3.The Act requires an application to be made to the registering authority in the area where the applicant resides or has his principal place of business, stating that the application is for the main office, in the form and manner prescribed by the registering authority, and accompanied by the fees prescribed by the registering authority.

4.A certificate of registration given under this act includes the information of main office and branch offices to be run in various States and Union territories, and it is valid for ten years from the date of grant or renewal, as applicable.

The conditions of eligibility for registration are not mentioned explicitly in the act indicating that they are subject to amendment.

The Warehousing (Development and Regulation) Act, 2007

The term “warehouse” refers to any property (including any protected location) where products are stored at a controlled temperature and humidity whose custody is accepted by the warehouseman from the depositor and that meets all of the authority’s criteria, including manpower. The business of managing warehouses for the storage of products and issuing negotiable warehouse receipts is referred to as the “warehousing business.” A warehouse receipt is a written or electronic acknowledgment of the deposited goods (not owned by him) given by a warehouseman or his properly authorized agent. This act serves to register all warehousemen for running a warehouse business.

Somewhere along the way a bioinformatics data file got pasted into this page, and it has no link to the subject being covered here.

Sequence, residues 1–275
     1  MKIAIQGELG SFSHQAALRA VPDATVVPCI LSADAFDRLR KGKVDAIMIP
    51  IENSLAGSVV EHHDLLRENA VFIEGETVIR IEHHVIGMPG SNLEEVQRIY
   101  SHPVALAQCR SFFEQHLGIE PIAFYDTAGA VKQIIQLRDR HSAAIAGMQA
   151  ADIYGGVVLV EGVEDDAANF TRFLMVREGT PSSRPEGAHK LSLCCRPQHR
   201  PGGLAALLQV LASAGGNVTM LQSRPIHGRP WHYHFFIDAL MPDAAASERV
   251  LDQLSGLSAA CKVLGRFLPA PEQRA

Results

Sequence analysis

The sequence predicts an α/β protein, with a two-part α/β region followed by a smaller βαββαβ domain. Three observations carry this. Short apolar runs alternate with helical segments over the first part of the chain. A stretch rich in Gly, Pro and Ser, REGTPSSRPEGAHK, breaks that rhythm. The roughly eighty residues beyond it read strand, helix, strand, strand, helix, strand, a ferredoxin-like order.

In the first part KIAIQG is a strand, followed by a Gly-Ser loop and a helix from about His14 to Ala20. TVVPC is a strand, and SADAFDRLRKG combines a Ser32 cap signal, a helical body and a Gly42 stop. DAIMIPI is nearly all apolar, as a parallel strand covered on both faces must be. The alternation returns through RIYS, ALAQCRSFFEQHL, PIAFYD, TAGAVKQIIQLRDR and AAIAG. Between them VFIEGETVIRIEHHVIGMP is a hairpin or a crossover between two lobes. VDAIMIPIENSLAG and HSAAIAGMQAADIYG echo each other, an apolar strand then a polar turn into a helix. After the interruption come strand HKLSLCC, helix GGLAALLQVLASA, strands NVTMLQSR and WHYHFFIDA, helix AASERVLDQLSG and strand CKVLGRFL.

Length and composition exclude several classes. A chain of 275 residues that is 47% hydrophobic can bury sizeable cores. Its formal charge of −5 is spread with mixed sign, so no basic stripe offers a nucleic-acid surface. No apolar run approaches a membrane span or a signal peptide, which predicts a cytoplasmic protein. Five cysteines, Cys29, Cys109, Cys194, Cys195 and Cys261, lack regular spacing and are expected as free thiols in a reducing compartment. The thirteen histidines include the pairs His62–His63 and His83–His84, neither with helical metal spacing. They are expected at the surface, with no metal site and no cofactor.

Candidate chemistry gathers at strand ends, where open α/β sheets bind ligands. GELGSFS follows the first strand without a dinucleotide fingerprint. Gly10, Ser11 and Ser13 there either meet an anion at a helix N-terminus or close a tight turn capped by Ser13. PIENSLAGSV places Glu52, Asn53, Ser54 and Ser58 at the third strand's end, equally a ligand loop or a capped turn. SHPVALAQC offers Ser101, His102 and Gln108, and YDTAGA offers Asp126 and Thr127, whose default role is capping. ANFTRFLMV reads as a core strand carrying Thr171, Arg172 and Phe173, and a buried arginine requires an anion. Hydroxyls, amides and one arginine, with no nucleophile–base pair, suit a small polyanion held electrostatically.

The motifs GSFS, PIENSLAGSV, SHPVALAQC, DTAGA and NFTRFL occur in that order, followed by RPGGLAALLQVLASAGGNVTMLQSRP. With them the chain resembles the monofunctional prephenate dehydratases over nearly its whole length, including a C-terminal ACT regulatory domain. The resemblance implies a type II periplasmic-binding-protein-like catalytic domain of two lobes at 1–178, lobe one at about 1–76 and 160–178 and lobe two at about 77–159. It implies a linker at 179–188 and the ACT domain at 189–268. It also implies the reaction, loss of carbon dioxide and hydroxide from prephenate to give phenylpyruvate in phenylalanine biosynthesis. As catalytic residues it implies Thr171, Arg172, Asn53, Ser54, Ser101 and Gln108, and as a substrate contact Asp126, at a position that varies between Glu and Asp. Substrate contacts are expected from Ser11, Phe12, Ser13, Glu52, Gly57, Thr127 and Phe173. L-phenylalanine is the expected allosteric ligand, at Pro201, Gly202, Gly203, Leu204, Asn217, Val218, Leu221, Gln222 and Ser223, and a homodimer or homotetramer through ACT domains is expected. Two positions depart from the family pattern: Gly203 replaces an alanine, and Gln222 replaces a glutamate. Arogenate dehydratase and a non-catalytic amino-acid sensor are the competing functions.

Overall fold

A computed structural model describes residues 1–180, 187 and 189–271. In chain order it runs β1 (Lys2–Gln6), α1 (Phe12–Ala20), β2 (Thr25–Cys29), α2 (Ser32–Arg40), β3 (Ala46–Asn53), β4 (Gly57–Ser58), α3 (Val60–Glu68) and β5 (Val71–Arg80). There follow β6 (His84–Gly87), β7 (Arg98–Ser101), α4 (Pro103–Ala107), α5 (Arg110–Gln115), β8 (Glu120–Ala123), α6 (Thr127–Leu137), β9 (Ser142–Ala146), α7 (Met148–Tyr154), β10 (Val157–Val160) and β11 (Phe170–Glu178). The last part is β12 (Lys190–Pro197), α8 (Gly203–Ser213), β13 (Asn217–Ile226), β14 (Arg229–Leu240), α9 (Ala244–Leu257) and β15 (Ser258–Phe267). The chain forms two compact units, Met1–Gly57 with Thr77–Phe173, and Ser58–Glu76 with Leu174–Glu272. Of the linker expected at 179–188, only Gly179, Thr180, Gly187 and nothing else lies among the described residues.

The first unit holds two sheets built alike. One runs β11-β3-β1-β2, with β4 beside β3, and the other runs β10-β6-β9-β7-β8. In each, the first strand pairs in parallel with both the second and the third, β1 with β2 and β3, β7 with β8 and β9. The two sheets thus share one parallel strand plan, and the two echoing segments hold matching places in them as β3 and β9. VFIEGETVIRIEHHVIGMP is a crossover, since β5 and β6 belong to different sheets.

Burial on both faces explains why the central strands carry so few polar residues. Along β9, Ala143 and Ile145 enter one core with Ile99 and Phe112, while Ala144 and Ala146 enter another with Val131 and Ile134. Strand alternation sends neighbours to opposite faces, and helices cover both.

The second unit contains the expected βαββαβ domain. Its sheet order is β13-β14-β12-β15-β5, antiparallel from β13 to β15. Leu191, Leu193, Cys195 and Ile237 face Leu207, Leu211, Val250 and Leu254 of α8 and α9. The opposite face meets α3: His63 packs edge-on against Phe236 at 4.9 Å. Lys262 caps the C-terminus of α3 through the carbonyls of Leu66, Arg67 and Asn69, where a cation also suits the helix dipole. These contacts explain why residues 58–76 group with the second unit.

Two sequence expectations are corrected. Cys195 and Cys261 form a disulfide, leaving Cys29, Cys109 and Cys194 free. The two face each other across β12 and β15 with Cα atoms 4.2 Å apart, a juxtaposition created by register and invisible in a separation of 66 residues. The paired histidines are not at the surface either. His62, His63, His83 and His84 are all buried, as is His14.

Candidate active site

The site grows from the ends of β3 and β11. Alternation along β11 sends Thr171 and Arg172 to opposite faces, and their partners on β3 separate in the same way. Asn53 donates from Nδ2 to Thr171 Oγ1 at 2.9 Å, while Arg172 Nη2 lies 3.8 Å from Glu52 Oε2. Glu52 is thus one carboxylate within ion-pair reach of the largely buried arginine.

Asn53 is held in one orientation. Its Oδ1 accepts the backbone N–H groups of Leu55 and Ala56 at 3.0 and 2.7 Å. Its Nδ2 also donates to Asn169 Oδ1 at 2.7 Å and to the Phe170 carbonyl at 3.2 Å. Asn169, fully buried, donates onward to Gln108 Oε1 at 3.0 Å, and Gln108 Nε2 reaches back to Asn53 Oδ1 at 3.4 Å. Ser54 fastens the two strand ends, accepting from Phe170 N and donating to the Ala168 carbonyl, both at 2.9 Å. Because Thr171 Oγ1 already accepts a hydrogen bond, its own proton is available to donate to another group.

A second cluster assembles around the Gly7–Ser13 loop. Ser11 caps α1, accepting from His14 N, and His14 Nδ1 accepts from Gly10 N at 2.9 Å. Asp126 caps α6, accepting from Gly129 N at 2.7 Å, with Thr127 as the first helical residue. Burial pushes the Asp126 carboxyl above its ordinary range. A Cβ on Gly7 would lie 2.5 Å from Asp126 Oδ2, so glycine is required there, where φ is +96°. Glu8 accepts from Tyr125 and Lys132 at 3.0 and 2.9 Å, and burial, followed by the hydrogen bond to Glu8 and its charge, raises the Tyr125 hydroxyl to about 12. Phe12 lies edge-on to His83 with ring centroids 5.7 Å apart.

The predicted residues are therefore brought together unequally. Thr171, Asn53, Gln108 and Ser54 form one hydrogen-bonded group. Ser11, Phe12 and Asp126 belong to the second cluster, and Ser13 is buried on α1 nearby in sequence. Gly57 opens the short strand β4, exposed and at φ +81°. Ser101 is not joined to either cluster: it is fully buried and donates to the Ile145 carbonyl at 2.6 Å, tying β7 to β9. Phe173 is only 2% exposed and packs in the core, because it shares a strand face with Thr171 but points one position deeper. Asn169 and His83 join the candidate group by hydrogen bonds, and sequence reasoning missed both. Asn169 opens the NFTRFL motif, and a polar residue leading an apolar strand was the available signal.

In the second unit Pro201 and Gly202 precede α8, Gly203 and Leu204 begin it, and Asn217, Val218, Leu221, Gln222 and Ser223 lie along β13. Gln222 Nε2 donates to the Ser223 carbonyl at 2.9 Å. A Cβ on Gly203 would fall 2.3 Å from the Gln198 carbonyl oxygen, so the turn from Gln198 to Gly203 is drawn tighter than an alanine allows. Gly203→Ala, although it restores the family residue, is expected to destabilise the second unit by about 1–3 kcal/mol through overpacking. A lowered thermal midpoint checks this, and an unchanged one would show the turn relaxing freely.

The salient features of this act are:

1. No person shall begin or continue in the warehousing business unless he has acquired a registration certificate from the Authority under this Act for the warehouse or warehouses in question.

2. Furthermore, warehouses that do not intend to provide negotiable warehouse receipts will not be needed to register. The phrase “negotiable warehouse receipt” refers to a warehouse receipt in which the goods represented are deliverable to the depositor or order, the endorsee takes a good title to the goods represented, and the endorsement has the effect of transferring the goods represented.

3. The Authority may authorize any person registered under section 5 as an accreditation agency to issue a certificate of accreditation to any person to carry on the business of warehousing and issue negotiable warehouse receipts, subject to the Authority’s regulations and guidelines.

4. Any individual who wishes to start or continue the business of keeping a warehouse that issues negotiable warehouse receipts may apply to the Authority for registration of one or more warehouses that he owns or occupies.

5. The Authority may not issue a certificate of registration under this section unless it is satisfied that the warehouse in question has adequate facilities and safeguards for storing goods of the nature specified in the application and that the applicant meets the financial, managerial, and other eligibility criteria and competence as may be required.